A reader wrote in with this question: “I filed an SSD claim already and it’s been months. Should I have an attorney join in now, or just wait to hear my results from the SSA?”
Reader, this is an excellent question. Waiting so long to hear anything when you file for Social Security disability is frustrating. So, it’s natural that you’d think about trying to find ways to speed up that process.
Our answer to your question has two parts. First, since you already filed your SSD claim, wait for your decision letter from the SSA to arrive by mail. If the SSA denies you benefits, then an attorney can help you file your appeal within 60 days. But if the SSA approves your initial SSD claim, then you don’t need to hire an attorney at all. We’ll explain how you benefit from having an attorney help you file your first SSD claim below.
Why It’s Better to Have an Attorney File Your First Disability Application
Why do we think you’re better off having an attorney help you file your first application for disability? Doing so saves you time and aggravation, and it almost always results in a better outcome. This is true for several reasons:
- An attorney knows how to fill your SSD claim the right way, which is more important than you think. The SSA can deny you benefits for things like writing in the margins, stapling pages together, or unreadable handwriting.
- Recent, relevant medical records to support your application are crucial for SSD claim approval. An attorney knows exactly which ones you’ll need and can pay for them if you can’t without charging you anything.
- People who win benefits after they appeal a denied SSD claim often wait up to three years for payments. An attorney can potentially shave 1-2 years off your wait to receive benefits by getting everything right the first time.
- Only 6% of people who file initial claims without a lawyer receive disability benefits the first time they apply. However, 4 in 5 disability applicants have attorneys once they reach the appeals hearing stage. You likely won’t save any time or money by filing your first SSD claim on your own, without a lawyer.
How and When to Check Your SSD Claim Status
It takes, on average, 3-5 months to receive an answer back from the SSA about your first SSD claim. It’s understandable you might worry after a few months with no answer if you’ve never been through this process before. Knowing how and when to check your claim status shows the process is moving along, no matter how slowly.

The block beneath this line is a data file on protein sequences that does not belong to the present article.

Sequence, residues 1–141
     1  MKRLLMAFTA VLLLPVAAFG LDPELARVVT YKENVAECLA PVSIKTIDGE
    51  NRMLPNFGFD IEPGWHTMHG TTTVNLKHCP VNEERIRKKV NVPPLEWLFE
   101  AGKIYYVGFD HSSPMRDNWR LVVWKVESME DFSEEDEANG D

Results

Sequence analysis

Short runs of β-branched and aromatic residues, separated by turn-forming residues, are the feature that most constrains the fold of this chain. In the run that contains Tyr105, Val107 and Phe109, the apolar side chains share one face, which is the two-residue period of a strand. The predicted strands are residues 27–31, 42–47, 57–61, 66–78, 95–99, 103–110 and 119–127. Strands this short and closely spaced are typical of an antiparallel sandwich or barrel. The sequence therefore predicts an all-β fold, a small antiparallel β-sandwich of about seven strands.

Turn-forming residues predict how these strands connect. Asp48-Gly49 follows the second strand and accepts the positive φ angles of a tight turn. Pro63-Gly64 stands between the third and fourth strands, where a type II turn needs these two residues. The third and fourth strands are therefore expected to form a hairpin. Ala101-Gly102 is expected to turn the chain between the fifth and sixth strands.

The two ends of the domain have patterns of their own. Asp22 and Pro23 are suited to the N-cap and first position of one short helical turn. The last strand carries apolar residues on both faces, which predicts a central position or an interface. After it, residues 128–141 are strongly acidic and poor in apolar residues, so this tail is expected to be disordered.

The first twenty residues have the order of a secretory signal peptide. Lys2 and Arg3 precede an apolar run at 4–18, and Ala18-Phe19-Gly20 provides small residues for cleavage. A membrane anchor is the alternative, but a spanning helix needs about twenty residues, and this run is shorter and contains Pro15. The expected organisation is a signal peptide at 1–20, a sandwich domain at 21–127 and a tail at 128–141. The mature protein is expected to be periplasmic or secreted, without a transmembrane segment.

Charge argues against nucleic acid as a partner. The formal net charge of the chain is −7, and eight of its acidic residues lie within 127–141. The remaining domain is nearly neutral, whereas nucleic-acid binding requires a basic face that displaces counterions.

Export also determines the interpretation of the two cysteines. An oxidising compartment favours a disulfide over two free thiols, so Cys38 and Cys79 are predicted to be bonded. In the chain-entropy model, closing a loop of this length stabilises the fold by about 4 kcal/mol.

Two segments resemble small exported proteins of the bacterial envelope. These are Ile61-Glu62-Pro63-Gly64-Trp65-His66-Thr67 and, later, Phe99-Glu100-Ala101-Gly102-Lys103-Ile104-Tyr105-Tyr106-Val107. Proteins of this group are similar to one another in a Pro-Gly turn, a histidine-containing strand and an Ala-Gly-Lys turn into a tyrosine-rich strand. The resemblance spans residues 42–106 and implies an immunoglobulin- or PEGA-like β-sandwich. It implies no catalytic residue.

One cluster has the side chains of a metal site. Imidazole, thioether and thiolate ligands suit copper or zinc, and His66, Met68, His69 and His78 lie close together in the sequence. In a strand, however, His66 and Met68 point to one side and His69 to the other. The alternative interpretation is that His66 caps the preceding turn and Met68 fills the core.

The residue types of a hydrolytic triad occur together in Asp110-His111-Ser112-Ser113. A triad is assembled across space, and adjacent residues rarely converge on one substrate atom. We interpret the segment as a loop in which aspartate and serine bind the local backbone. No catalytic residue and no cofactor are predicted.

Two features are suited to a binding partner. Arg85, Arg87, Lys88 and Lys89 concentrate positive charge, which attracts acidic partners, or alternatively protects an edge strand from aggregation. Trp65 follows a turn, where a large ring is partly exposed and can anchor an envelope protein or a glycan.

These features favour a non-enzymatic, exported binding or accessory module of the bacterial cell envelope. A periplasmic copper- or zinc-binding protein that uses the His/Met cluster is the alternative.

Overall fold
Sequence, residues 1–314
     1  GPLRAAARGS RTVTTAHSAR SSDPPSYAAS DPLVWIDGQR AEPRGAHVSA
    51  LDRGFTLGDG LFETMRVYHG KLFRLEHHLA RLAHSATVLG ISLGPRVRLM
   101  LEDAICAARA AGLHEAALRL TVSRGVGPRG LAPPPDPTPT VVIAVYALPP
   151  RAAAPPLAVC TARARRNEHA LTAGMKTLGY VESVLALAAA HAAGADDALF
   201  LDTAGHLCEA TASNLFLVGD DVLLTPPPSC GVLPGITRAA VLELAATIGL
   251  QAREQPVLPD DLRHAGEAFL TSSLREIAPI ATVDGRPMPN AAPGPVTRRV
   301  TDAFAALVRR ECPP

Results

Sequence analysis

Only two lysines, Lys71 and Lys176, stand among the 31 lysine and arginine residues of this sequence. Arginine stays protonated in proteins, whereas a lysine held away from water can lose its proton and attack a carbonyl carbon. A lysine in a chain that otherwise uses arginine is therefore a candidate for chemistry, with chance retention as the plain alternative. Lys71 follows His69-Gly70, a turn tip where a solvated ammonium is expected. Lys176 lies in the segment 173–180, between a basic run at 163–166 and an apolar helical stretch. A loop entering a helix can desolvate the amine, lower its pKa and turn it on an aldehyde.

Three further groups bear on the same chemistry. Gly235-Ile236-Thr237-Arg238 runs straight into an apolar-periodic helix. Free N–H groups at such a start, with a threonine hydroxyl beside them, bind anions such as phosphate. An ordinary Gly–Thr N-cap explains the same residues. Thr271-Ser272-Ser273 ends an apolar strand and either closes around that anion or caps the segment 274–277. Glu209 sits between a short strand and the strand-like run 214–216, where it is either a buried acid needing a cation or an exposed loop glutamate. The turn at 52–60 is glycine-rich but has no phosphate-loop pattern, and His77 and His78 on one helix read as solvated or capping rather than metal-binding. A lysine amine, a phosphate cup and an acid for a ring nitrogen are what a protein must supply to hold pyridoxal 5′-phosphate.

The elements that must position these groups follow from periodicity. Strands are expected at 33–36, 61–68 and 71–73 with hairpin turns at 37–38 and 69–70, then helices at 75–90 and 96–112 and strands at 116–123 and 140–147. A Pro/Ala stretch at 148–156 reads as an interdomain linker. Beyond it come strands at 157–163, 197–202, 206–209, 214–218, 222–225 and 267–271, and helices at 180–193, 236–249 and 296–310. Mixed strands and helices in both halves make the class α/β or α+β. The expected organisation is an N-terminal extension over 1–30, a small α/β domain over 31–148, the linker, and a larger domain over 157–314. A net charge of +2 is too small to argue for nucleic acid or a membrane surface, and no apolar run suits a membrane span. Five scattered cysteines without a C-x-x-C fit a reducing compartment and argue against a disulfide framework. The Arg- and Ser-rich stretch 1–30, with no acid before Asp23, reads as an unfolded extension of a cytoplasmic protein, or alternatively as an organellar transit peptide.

Keeping tabs on your claim is important because the people working on it are only human, just like you. People, as we all know, are far from perfect and sometimes make mistakes. Checking on your status can let you know what records the SSA still needs to finish processing your SSD claim. That way, you can provide that information quickly and get a decision letter in the mail sooner rather than later.
While you might prefer weekly updates, a good rule of thumb is to check your claim status once a month. This ensures the Social Security Administration has enough time to work on it between your routine check-ins. It also gives you some time to respond to any requests for additional documentation, should they arise.
You can call the Social Security Administration anytime to check on the status of your SSD claim: 1-800-772-1213. Your local Social Security office can also provide you with regular status updates. Finally, you can check your Social Security Disability claim status online.
How Attorneys Can Help You Appeal a Denied SSD Claim
If the SSA denies your initial claim, an attorney can file a reconsideration request. This step gives you another chance at SSD claim approval without having to apply all over again. While you can appeal without a lawyer, you’re 3x more likely to win benefits if you have legal representation.
If your first appeal fails, you can then request a hearing before an administrative law judge. Like reconsideration, you need to request your appeals court date in writing no more than 60 days after your denial. The judge may require you to appear in person during your court date, or via video conferencing.
An attorney can help you prepare for the questions the judge might ask you during your hearing. One can also help you gather and submit more documentation that supports your SSD claim. This guidance can prove invaluable for SSD claim approval at this stage in the appeals process.
If the judge again denies your SSD claim, your attorney can then request an Appeals Council review. Beyond that, your only option is filing a lawsuit against the Social Security Administration in federal court. That is just as serious as it sounds, and it’s both costly and complicated. Having an attorney at this stage is no longer optional, and your chances of success are close to zero.
How to Get Free Claim Help from an Attorney Now
It’s possible to work with an attorney without paying any up-front costs. If you qualify, an attorney can review your SSD claim and explain your chances for benefit approval.
When you’re ready to take that step, click the button below to start your free online benefits quiz and see if you may qualify:
Lisa Allen is a writer and editor who lives in suburban Kansas City. She holds MFAs in Creative Nonfiction and Poetry, both from the Solstice Low-Residency Program in Creative Writing at Pine Manor College. Prior to becoming a writer, Lisa worked as a paralegal, where she specialized in real estate in and around Chicago.